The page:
The federal government and Halifax-based Emera Inc. have committed more than $4.3 million to develop smart grid expertise and infrastructure at the University of New Brunswick.

The Atlantic Canada Opportunities Agency issued a press release Wednesday saying the organizations are working on clean energy technologies that will advance Canada’s efforts to build a clean economy.

“The partnership we’ve formed to become leaders in advanced smart grid technologies is having a global impact,” said UNB President and Vice-Chancellor Eddy Campbell in a statement. “Our success would not be possible without our government and industry partners. After more than a decade of work by many researchers and students here, UNB is now playing a key role in advancing the transformation of conventional power grids around the world.”

Centred in New Brunswick, the Smart Grid Initiative is developing a range of products that utilities can use in their grids to accommodate the coming revolution in electricity production. Its proponents applied for federal supercluster funding but did not make the short-list. They have said they are looking for funding from other sources.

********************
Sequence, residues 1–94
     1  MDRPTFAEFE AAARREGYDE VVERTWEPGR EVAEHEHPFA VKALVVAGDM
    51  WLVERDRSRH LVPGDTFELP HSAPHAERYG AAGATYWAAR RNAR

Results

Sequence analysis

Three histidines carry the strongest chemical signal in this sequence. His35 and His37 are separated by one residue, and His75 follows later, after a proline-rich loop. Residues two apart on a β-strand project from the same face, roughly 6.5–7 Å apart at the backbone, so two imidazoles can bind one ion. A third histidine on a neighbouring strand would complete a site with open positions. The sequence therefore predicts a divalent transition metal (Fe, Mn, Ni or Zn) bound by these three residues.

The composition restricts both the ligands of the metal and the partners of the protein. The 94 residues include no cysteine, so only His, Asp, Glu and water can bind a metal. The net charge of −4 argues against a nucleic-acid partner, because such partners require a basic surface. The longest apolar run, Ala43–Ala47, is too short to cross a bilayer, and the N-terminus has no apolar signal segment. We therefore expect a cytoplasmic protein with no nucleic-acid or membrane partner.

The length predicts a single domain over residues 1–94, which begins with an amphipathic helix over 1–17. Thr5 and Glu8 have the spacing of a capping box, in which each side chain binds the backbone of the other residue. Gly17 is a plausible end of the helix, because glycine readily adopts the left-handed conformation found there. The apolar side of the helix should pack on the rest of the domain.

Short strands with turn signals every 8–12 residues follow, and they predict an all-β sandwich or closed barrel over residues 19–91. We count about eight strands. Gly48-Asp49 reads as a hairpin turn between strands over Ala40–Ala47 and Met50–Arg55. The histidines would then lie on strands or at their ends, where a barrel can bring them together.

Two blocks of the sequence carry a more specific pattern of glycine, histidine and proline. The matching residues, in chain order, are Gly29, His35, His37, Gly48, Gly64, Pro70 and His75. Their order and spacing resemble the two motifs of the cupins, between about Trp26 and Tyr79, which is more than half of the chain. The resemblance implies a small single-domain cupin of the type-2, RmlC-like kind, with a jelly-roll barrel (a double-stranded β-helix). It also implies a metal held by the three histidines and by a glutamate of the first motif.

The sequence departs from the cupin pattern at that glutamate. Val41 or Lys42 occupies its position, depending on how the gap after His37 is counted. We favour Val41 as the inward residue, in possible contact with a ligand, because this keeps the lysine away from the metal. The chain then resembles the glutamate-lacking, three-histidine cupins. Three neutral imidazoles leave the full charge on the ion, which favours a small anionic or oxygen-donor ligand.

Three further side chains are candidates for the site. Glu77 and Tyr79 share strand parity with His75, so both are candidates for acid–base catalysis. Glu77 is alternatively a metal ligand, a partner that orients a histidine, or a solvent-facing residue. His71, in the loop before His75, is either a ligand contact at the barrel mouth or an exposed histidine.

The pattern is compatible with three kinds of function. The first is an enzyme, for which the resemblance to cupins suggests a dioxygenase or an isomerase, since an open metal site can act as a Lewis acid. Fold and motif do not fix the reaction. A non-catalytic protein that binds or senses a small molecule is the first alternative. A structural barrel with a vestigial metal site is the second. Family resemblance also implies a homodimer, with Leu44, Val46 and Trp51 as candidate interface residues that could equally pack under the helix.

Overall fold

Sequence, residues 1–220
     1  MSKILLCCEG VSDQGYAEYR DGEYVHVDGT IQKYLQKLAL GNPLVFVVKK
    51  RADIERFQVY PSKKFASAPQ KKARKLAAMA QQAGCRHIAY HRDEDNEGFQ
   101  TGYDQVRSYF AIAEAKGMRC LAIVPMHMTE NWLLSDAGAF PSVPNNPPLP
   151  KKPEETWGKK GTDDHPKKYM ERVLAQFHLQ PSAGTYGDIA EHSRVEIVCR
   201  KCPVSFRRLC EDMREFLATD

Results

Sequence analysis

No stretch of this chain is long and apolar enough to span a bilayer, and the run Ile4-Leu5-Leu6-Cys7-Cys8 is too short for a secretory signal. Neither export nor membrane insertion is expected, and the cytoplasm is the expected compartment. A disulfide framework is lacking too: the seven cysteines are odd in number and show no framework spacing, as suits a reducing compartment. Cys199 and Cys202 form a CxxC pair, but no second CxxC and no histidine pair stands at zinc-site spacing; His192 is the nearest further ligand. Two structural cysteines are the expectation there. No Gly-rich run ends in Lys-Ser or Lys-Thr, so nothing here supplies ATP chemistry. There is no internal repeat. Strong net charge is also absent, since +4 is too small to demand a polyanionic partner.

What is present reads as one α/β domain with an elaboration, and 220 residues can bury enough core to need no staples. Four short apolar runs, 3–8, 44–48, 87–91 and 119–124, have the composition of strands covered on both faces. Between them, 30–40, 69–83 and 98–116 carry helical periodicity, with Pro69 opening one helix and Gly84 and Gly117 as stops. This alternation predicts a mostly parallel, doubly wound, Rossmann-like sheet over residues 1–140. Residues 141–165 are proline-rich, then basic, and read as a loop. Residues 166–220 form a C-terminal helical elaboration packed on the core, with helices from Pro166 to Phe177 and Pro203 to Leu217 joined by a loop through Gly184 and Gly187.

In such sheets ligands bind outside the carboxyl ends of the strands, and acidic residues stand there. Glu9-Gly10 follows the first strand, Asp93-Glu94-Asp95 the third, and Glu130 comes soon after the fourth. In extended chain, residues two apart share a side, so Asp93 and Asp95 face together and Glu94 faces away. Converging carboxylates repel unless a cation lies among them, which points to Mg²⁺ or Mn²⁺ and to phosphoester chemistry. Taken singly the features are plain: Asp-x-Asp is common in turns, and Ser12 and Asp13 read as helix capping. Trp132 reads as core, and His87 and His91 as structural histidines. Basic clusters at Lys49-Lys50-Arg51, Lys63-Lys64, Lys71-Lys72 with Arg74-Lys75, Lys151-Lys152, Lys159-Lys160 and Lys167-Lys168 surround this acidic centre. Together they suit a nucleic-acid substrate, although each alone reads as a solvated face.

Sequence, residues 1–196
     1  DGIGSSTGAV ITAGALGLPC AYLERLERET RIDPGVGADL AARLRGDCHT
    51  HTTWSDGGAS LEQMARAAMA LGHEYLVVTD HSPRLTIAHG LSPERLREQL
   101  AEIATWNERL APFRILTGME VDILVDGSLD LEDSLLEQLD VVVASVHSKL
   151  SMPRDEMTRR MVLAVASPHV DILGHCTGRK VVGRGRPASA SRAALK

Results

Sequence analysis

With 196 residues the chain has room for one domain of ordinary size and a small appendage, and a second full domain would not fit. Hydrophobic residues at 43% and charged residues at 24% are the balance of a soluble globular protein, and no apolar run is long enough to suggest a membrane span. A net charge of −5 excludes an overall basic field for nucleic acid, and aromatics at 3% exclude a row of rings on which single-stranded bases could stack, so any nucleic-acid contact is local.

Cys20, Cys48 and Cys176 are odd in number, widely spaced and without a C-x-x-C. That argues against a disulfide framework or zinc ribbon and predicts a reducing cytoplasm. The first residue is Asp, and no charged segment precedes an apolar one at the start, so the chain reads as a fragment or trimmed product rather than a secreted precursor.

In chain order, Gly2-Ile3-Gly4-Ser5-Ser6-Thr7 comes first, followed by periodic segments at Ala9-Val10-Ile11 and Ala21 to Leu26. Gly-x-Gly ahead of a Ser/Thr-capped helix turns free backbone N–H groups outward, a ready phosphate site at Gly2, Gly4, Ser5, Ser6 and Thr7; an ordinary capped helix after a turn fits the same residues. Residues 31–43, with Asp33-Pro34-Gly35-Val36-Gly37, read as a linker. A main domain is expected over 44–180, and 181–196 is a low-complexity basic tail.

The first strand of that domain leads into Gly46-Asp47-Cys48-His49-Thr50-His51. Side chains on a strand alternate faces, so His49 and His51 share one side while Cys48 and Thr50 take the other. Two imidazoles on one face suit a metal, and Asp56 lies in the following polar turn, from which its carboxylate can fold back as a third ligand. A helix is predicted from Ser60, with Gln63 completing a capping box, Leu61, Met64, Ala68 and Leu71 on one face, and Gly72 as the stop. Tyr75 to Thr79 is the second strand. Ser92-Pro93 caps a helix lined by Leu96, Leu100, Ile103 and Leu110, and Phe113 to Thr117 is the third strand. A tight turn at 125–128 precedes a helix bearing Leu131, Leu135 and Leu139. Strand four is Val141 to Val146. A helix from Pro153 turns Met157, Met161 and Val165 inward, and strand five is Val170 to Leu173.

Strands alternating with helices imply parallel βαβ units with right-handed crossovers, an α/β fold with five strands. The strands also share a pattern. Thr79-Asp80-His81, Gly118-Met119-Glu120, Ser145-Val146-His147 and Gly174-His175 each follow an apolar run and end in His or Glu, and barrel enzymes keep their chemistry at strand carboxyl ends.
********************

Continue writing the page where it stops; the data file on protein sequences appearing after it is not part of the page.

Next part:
The goal of the smart grid movement is to use cutting-edge technology in the grid to optimize the introduction of new electricity generation and monitoring technologies. Add in improvements through data analytics and mobile applications, and you can understand that in the future the electricity grid will be far more than a series of wires.

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With the money committed by the federal government and Emera, UNB will build on existing Smart Grid expertise and refine its technology. 

The Government of Canada is contributing more than $2.8 million through ACOA’s Atlantic Innovation Fund, as well as $82,100 through NSERC. Emera Inc. is providing $1.4 million.

The project includes designing, building, testing and demonstrating a suite of Distributed Energy Resource solutions for commercialization by industry and implementation by utilities.  Emera, the parent company of Nova Scotia Power, will deploy and test the project results within its system network at its subsidiary Barbados Light and Power. After testing in a real-world environment, the results will be refined and validated through industry players, users, suppliers, regulators and others. 

The Smart Grid Initiative began several years ago when Siemens signed a deal with NB Power to work together on the energy system of the future. Over the years, it grew with Emera and UNB joining the initiative. The four organizations today form the pillars of the Smart Grid Initiative.